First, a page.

SINGAPORE — The Ministry of Manpower (MOM), the National Trades Union Congress (NTUC) and Singapore National Employers Federation (SNEF) have developed a set of guidelines on the issuance of itemised payslips, the MOM announced today (Jan 13).
The move is to prepare businesses when the issuance of payslips becomes a legal requirement within two years.
The provision of itemised payslips to employees can raise their awareness of their salary components and minimise salary disputes, the tripartite partners said.
The guidelines show how companies, especially small and medium enterprises, such as small family-owned businesses and hawkers, can put in place the system of administering payslips, and provide payslip templates that companies may use and customise based on their own needs.
According to the guidelines, the payslip should include items such as basic salary, total allowances and total deductions for each salary period.
The MOM is also working with IDA and SPRING to develop tools such as simple payslip booklets, downloadable templates, and funding support for companies to develop customised solutions for the issuance of payslips by April.
The guidelines are as follows:
TRIPARTITE GUIDELINES ON ISSUANCE OF ITEMISED PAYSLIPS
1. Providing itemised payslips is a good employment practice. It raises employees’ awareness of their salary components and provides proper documentation which helps to facilitate the resolution of any salary dispute.
2. This set of Guidelines seeks to guide employers, in particular the SMEs, in issuing itemised payslips and to institute good HR practices. SMEs that need further assistance can approach the Singapore National Employers Federation (SNEF) or the Business Advisors at the SME Centres listed at Para 10.
Who should receive a payslip?
3. Employers should issue itemised payslips to all their employees.
When should a payslip be given?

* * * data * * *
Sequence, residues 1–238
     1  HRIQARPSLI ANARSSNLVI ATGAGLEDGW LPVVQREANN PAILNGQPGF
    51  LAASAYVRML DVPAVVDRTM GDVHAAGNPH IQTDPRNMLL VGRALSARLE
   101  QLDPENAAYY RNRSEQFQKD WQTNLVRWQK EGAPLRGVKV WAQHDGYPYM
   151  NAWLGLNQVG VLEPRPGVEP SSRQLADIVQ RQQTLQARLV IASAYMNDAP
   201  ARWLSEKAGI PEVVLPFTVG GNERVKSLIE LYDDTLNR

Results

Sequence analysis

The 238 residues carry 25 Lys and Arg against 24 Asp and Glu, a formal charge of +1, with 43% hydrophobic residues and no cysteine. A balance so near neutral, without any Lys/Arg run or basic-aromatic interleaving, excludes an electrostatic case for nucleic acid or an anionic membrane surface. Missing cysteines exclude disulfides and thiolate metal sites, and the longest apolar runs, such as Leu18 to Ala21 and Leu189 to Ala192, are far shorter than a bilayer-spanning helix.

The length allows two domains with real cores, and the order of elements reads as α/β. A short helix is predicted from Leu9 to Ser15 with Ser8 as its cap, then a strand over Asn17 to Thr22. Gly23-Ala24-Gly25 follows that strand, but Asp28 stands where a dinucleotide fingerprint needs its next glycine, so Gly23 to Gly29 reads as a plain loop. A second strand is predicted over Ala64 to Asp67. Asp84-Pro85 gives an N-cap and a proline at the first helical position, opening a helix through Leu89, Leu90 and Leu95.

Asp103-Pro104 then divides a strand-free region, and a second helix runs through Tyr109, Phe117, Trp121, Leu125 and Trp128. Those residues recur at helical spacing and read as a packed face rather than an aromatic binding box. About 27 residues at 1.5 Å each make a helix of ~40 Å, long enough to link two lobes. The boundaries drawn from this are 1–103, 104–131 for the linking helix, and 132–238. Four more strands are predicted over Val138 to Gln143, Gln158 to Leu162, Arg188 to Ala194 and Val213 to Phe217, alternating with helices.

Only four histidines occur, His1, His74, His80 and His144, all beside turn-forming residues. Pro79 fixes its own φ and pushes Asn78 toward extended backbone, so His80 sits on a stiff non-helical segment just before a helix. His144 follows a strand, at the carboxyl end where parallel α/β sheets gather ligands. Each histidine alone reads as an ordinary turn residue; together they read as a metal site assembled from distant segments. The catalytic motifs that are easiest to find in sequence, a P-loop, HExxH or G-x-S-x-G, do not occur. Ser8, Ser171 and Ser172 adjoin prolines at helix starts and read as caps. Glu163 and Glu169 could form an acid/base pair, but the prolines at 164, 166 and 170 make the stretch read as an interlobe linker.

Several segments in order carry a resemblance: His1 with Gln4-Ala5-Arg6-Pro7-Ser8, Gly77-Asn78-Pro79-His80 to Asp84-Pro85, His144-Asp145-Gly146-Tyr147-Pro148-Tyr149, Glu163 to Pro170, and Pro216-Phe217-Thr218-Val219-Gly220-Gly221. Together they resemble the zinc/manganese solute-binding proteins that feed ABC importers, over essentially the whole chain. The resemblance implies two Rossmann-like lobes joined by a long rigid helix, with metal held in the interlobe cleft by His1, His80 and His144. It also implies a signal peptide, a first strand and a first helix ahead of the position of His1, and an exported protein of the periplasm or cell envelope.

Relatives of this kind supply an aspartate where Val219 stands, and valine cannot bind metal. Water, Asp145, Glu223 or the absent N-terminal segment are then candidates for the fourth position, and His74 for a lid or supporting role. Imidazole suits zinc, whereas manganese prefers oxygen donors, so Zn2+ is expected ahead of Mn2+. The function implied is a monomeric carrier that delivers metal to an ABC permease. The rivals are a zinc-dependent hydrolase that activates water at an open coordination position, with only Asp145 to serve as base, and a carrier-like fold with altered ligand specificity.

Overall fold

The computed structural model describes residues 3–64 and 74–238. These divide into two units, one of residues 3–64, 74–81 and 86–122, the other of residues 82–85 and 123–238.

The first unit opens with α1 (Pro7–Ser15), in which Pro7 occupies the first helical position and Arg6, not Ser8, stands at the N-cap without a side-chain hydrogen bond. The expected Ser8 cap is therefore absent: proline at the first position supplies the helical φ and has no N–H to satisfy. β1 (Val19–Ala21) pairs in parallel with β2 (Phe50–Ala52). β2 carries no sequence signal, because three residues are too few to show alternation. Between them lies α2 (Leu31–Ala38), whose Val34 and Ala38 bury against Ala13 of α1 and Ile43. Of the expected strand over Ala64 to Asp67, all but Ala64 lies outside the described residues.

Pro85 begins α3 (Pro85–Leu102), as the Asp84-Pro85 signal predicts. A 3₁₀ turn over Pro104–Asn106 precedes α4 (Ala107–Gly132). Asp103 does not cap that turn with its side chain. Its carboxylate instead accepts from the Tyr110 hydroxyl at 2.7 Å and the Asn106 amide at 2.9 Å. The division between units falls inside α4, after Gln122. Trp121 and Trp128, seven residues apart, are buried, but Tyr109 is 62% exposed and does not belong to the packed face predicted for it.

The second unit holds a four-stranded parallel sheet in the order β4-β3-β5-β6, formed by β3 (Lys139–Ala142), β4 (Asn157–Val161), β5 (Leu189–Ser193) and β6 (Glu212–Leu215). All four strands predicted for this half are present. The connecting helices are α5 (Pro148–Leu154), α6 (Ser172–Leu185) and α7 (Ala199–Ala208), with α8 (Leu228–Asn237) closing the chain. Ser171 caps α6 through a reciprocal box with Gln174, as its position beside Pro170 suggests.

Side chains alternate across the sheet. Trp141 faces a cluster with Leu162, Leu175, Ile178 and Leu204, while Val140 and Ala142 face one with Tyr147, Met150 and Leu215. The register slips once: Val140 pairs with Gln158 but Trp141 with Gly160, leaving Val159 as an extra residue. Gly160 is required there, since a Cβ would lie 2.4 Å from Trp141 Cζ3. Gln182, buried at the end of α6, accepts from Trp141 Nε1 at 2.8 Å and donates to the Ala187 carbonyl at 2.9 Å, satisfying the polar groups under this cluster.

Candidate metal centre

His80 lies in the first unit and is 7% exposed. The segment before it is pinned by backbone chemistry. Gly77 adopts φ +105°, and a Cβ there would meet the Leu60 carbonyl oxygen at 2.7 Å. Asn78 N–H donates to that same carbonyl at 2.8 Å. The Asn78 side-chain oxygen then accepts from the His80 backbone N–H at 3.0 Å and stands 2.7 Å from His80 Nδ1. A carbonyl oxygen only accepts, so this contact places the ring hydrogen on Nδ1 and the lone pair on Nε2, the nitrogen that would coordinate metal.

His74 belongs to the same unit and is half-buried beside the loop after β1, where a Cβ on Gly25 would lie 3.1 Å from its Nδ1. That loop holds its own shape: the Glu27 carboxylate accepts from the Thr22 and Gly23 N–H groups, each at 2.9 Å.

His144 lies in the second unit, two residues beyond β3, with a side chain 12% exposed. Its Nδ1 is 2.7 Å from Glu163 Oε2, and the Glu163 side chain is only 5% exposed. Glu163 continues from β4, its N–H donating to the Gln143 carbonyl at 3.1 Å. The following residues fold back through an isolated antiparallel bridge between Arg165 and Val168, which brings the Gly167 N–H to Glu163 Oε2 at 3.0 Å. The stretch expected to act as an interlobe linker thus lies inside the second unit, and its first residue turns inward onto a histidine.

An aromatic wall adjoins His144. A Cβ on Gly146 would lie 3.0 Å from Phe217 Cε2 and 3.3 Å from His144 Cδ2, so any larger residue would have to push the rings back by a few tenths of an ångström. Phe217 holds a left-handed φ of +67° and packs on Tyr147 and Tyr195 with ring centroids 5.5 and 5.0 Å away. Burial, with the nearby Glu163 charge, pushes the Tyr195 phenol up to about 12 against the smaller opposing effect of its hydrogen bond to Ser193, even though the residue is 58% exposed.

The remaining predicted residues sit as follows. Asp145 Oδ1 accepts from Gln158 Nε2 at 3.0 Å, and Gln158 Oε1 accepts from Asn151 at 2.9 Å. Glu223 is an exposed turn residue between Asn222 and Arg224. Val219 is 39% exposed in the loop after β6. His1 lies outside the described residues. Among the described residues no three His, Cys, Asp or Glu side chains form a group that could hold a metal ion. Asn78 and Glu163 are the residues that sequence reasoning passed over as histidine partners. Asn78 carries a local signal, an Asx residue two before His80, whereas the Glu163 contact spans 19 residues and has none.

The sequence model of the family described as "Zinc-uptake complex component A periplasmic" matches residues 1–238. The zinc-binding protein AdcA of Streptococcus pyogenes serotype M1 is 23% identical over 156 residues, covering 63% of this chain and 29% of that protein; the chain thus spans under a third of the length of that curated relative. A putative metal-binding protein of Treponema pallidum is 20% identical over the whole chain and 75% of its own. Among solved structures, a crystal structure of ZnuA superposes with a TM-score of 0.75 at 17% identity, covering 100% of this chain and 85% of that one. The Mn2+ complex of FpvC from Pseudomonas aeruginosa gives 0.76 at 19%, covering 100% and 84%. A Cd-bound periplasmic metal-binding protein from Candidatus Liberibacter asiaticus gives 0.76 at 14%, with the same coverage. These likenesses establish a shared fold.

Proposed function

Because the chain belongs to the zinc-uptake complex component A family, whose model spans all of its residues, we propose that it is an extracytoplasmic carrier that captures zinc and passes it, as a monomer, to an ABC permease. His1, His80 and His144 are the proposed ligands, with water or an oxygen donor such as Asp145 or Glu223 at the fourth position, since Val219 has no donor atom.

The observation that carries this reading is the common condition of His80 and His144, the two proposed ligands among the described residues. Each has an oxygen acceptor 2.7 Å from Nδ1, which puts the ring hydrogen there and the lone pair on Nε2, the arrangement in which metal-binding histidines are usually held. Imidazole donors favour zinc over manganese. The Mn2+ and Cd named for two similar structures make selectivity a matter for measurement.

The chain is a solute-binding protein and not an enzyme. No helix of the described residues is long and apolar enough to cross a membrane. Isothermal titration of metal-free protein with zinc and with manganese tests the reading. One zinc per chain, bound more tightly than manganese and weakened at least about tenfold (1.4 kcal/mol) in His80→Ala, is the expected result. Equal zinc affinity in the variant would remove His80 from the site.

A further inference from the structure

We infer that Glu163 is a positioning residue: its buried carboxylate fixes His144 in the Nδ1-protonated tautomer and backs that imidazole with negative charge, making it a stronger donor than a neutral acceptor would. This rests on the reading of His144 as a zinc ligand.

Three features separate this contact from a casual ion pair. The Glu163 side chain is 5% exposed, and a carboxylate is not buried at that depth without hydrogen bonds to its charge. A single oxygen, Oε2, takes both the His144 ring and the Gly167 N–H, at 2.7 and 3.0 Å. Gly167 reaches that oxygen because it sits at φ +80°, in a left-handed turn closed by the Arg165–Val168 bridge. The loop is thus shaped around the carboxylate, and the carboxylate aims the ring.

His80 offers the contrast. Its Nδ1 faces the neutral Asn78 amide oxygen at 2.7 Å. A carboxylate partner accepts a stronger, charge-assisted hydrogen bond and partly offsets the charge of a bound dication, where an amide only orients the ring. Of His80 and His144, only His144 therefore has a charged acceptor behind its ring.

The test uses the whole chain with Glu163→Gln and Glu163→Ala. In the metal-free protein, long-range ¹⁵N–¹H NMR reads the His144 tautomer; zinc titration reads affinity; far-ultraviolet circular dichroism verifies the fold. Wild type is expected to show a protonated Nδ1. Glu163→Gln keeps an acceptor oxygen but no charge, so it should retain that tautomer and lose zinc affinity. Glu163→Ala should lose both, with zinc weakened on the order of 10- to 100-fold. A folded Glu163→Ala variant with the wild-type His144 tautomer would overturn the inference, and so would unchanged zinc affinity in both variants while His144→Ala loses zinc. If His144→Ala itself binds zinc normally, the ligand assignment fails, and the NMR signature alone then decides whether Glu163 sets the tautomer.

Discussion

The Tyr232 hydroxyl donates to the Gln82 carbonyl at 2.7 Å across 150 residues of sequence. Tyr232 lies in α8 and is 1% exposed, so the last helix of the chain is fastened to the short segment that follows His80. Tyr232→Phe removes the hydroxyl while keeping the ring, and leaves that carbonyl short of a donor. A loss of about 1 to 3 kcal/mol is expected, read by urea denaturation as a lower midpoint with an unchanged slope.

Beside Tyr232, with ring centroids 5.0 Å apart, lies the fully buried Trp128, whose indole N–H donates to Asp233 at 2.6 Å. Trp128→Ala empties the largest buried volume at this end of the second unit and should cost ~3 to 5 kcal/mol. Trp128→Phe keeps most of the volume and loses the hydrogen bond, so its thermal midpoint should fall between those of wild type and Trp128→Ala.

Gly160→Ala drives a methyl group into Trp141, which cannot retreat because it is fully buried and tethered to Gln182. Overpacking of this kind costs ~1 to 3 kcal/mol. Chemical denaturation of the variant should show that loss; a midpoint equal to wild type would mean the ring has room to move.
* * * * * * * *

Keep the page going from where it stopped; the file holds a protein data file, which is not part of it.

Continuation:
4. Employers should issue itemised payslips at least once a month.
5. For a salary period ending in a particular month, employers should issue payslips to their employees within 7 days after the last day of that month. For example, for payment for work done in January, employers should issue the payslip by Feb 7.
6. Where there are more than one salary period within that month, employers could consolidate all the salary payment details in that calendar month into a single payslip. For example, if the workers are paid fortnightly, employers could issue a single payslip containing details of payment for the two salary periods. They could also choose to issue payslips as and when they pay the workers, which should be at least once a month.
7. Where an employee is dismissed or has his contract of service terminated, employers should issue the payslip together with the payment of any outstanding salary or dismissal/termination payment, and the payslip should itemise such payments.
What form can the payslip take?
8. Employers could issue the payslip in hard and/or soft copies, as long as it contains the relevant information outlined in the next paragraph. Employers are also encouraged to get employees to acknowledge that they have received their payslips.
What should be in a payslip?
9. Payslips should contain the items below. Employers need not include items that are not relevant to the employee. A template and sample payslip are included in the Annexes.
a) Name of employer
b) Name of employee
c) Date(s) of payment
d) Mode of payment (cash/cheque/bank deposit)
e) Start and end dates of each salary period within the month
f) Basic salary for each salary period
g)* Allowances paid for each salary period such as:
All fixed allowances (e.g. transport)
All ad-hoc allowances (e.g. one-off uniform allowance)
h) Start and end dates of each overtime payment period within the month
i) Overtime hours worked
j) Overtime pay for each overtime payment period
k)* Any other additional payment for each salary period such as bonuses, rest day pay and public holiday pay.
l)* Actual deductions made for each salary period such as:
All fixed deductions (e.g. employee’s CPF contribution)
All ad-hoc deductions (e.g. deductions for damage to or loss of goods)
For hourly, daily or piece rated workers, employers should also indicate in the payslip the basic rate of pay (e.g. $10 per hour) and the total number of hours or days worked or pieces produced, within each salary period. For workers who did not complete work for the full duration of the salary period, employers should indicate the total number of days he has worked within the salary period.
m)** Net salary paid in the month
n) Employer’s CPF contribution
*The detailed breakdowns for items 7, 11 and 12 should be reflected in the payslip.
**The formula for item 13 is (6) + (7) + (10) + (11) – (12)